On February 21, 2014, in Bartlow v. Costigan , the Illinois Supreme Court unanimously upheld the constitutionality of the Employee Classification Act (ECA).
The ECA is aimed at cracking down on misclassification of employees as independent contractors in the construction industry. The ECA deems an individual performing services for a “contractor” as an employee of the contractor unless the individual can meet certain specific tests (e.g., is the individual free from the direction and control of the contractor? Is the service performed by the individual outside the usual course of services performed by the contractor?). A “contractor” is any person or firm “who engages in construction.” One of the complaints from employers about the ECA is that “construction” is broadly defined to include everything from “maintenance” and “landscaping” to more traditional construction tasks such as “remodeling,” “wrecking,” and “refurbishing.”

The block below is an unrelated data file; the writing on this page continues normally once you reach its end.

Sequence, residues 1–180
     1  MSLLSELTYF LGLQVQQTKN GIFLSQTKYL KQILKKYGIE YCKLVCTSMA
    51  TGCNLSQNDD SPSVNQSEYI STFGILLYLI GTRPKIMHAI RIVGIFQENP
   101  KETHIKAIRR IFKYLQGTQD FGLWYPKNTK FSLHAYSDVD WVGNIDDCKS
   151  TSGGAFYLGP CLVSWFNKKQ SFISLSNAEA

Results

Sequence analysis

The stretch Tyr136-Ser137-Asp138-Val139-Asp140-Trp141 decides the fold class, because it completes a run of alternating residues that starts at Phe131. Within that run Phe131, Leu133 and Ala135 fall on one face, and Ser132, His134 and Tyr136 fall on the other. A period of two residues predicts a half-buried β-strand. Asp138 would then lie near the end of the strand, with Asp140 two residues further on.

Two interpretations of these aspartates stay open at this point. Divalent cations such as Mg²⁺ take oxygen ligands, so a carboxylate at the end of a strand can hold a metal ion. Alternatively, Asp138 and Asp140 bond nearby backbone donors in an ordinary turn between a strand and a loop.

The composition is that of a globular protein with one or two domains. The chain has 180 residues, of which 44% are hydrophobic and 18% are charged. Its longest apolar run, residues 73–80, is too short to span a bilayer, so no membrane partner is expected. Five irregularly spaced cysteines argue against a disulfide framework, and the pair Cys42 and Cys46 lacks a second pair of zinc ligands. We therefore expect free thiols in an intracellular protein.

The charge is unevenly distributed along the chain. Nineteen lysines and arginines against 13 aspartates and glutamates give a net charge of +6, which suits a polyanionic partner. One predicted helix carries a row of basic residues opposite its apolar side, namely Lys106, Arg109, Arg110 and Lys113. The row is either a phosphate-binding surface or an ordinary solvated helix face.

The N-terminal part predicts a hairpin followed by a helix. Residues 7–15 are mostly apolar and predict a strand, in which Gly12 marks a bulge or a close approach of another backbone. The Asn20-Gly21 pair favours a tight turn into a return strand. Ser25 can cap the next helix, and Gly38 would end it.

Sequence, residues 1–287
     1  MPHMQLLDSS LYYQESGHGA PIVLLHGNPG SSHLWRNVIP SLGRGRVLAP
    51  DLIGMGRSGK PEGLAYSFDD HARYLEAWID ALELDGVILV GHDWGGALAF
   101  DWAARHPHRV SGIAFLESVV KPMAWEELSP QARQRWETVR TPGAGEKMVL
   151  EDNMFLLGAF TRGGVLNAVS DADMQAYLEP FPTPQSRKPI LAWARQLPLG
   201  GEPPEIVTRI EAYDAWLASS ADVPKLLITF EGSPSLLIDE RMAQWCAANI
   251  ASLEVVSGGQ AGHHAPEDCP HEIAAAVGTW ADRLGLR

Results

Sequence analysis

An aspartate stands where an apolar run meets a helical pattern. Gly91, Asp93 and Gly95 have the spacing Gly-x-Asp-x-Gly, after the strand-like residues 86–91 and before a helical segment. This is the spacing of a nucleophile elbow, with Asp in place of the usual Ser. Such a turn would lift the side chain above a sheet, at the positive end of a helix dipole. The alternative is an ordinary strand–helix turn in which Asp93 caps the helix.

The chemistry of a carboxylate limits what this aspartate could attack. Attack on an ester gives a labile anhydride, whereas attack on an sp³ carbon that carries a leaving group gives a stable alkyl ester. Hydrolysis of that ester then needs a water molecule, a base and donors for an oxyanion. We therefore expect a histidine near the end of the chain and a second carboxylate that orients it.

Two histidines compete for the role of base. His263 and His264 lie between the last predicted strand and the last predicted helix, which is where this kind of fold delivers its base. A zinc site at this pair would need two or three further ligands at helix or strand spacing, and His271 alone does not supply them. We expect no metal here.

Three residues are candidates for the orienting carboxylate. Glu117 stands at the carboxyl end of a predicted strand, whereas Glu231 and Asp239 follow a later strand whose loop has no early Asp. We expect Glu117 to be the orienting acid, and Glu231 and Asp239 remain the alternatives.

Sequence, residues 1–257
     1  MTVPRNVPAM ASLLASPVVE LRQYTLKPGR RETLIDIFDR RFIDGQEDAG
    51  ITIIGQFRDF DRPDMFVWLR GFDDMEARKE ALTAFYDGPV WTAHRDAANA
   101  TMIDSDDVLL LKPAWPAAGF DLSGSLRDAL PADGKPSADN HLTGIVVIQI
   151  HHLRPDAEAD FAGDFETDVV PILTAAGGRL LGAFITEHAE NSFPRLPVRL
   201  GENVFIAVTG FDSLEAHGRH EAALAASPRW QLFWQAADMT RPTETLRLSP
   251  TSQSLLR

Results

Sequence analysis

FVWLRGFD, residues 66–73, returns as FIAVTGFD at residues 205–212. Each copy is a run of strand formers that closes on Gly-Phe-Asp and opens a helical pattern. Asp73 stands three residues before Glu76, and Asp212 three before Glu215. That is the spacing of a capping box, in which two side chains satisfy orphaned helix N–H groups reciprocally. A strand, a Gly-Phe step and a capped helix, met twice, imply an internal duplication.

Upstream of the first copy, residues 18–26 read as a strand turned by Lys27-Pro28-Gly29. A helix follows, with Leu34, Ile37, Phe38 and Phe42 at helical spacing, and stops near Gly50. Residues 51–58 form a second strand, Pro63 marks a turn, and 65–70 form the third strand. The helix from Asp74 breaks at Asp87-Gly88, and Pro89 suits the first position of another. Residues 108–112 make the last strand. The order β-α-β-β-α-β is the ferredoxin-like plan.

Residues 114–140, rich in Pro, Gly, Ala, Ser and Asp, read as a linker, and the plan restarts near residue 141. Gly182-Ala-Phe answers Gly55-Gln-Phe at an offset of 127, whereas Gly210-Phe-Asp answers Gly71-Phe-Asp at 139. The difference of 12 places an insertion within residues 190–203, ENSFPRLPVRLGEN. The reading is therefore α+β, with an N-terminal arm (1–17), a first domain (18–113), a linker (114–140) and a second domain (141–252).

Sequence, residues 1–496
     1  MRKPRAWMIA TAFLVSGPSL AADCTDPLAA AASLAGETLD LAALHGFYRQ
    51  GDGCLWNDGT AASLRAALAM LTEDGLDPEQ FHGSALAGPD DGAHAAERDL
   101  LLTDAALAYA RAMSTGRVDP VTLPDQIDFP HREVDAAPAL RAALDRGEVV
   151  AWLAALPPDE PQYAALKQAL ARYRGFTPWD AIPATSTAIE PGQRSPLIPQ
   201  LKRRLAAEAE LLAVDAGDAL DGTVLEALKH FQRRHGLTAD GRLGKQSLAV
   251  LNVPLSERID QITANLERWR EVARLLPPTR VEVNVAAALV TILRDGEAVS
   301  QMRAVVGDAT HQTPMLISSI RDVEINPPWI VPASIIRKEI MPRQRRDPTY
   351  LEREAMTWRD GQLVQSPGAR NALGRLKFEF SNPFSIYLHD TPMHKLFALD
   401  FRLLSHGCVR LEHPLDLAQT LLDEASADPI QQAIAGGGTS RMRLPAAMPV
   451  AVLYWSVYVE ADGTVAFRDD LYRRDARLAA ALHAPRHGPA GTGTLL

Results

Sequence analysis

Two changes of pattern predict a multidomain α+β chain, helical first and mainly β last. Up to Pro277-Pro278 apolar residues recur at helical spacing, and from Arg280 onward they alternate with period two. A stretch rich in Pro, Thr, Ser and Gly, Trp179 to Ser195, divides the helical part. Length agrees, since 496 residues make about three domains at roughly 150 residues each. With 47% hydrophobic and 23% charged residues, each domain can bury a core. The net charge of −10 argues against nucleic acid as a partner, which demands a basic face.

The Bartlow case hinged on whether or not the ECA was impermissibly vague and violated procedural due process rights. After years of back and forth in lower courts, the Supreme Court rejected all of the plaintiff’s constitutional challenges. With regard to the plaintiff’s vagueness argument, the court held that “a person of ordinary intelligence could understand the conduct prohibited under the act” and that recent amendments to the law essentially rendered the plaintiff’s other concerns moot.
Employers who were hoping the law might be repealed or modified by the state legislature or overturned by the Illinois Supreme Court need to recognize that it is here to stay. If your business is connected in any way to the construction industry, as broadly defined under the statute, you need to scrutinize your use of independent contractors to ensure it is in compliance with the ECA.